Getting Started: Five Steps to Create a Story

Author and musician Louise Marley joins us on the Shimmer blog, callooh callay!
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Every writer knows that moment when she sits down in front of a blank computer screen and stares dumbly, at a loss for how to begin.  Sometimes we fly to our keyboard because an idea has taken hold of us, and those are the best times.  But often, especially for a working writer, it’s discipline that puts us in that chair, and a need for output that keeps us there.  What to do if you don’t have that killer idea already?

Prolific writers know that you can’t wait for inspiration.  You have to–occasionally–nudge your muse to get her to work with you!  On those days, it helps to think of the essential elements of a story.  If the elements are strong enough, the story will grow.  I’m a listmaker, so I love a nice, tidy, numbered list of things to think about:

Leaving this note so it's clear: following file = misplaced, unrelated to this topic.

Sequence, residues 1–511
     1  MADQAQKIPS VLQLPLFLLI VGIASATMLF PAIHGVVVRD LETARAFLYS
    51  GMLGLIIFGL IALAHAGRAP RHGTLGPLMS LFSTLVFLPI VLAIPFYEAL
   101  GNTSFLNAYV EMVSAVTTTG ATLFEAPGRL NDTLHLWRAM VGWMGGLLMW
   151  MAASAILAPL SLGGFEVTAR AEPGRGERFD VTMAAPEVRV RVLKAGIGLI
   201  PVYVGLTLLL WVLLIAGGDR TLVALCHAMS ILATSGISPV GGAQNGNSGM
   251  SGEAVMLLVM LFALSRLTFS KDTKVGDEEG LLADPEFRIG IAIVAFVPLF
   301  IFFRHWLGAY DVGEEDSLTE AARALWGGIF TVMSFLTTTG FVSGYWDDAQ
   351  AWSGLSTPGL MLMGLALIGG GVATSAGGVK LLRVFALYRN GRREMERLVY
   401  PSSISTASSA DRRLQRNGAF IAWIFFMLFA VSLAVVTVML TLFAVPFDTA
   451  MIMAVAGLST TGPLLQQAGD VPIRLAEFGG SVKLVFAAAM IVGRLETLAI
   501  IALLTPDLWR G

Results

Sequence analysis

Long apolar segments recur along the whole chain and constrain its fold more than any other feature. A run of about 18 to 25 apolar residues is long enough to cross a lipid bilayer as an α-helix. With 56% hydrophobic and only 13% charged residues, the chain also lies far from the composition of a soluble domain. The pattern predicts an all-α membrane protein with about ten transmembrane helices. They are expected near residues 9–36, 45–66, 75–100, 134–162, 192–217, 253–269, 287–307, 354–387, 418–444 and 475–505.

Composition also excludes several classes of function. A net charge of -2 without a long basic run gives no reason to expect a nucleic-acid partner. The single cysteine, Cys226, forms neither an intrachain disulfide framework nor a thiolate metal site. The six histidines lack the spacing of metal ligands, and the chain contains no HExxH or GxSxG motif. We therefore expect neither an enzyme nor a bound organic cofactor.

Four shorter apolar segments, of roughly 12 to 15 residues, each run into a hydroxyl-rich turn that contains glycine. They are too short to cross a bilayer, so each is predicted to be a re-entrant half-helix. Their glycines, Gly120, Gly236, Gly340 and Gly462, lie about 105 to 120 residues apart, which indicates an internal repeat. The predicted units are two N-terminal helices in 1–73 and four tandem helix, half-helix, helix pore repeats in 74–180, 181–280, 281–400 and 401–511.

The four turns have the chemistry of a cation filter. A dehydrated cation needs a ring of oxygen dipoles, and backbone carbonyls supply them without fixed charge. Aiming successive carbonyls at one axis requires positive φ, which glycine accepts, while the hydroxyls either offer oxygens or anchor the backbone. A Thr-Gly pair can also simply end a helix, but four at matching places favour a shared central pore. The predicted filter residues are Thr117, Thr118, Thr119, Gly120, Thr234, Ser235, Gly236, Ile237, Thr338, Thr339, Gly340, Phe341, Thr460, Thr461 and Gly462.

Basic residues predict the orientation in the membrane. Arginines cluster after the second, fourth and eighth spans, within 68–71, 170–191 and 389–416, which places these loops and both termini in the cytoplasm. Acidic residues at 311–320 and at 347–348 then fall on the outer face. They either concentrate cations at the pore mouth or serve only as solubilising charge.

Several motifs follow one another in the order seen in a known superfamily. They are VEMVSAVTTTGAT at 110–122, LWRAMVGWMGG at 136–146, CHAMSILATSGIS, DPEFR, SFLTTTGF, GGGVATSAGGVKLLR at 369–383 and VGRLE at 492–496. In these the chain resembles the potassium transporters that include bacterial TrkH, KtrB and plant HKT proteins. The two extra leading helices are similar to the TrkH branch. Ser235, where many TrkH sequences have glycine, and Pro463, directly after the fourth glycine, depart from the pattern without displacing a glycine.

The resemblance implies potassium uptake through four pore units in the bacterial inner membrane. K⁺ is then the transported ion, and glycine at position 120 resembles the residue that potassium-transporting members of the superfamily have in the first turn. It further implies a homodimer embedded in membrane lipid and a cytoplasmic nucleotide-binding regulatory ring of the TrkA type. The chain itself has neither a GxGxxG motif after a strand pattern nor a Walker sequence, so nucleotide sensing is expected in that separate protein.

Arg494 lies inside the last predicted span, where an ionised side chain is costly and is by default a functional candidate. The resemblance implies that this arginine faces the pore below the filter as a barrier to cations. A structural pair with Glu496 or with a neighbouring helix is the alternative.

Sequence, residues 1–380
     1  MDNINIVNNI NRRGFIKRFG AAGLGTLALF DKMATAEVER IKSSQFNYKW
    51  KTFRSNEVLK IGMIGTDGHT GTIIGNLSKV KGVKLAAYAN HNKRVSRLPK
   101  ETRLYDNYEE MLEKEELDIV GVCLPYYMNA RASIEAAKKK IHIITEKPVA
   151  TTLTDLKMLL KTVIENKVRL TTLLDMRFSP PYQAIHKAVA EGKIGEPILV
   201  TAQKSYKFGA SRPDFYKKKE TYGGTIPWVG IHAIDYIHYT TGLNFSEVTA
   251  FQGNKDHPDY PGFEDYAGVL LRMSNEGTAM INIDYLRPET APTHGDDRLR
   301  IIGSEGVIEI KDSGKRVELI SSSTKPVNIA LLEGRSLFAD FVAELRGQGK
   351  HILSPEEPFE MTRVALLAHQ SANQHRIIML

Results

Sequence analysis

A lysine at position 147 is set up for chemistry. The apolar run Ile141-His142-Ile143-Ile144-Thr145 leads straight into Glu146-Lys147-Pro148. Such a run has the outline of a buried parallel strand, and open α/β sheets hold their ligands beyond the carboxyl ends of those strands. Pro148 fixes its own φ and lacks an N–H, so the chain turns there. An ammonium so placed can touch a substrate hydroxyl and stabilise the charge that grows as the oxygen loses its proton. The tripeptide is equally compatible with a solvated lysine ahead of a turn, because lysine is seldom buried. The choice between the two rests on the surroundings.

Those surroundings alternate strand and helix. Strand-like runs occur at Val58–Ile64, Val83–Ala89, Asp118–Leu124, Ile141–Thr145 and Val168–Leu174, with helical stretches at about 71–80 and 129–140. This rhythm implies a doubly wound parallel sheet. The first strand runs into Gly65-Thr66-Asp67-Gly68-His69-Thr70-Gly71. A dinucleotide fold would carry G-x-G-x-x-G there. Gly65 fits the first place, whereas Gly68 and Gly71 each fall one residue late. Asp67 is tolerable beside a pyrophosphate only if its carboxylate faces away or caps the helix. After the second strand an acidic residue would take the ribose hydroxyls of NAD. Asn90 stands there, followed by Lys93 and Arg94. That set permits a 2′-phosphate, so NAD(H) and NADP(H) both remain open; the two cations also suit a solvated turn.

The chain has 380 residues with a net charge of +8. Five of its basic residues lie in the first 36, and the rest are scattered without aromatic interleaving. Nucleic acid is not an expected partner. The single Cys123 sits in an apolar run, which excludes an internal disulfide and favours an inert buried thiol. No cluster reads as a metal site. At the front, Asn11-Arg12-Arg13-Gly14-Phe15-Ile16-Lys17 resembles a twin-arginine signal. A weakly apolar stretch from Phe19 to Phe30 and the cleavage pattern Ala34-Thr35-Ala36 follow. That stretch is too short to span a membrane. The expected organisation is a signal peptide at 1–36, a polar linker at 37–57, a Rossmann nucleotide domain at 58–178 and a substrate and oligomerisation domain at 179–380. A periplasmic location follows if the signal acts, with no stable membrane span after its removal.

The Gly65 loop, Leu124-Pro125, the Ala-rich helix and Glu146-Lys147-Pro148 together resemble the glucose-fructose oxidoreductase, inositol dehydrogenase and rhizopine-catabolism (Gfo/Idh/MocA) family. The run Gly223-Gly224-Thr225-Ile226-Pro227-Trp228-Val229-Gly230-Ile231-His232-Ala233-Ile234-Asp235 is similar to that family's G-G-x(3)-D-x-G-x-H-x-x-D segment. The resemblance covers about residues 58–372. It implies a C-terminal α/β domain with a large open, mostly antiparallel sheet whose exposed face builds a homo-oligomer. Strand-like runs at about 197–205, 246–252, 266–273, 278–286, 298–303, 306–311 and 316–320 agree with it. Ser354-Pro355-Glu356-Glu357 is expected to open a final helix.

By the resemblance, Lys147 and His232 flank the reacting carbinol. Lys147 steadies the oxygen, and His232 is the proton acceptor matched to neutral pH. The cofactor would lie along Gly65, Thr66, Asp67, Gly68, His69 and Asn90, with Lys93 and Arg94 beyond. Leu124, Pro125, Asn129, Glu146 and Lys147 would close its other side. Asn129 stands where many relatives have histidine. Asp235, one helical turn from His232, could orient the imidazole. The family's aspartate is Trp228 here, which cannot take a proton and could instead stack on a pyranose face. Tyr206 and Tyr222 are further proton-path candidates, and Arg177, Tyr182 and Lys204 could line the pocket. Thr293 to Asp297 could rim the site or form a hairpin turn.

1.  Create a protagonist

What sort of character excites you?  A strong woman, a sensitive man, a smart-ass kid?

Think about your protagonist’s history, her upbringing, her situation, her personality.  It always helps if there’s something unique about her, something that sets her apart.  It’s good, too, to avoid cliches–lately the kick-ass spunky heroine has been dominating the field, to the point where it’s expected–so perhaps you can come up with another way to make your readers connect with your main character.

2.  Decide what your protagonist wants

It’s axiomatic that every character–just like every person–wants something.  Love?  Power?  Escape?  It needs to be something definite, something that will motivate your protagonist to take action.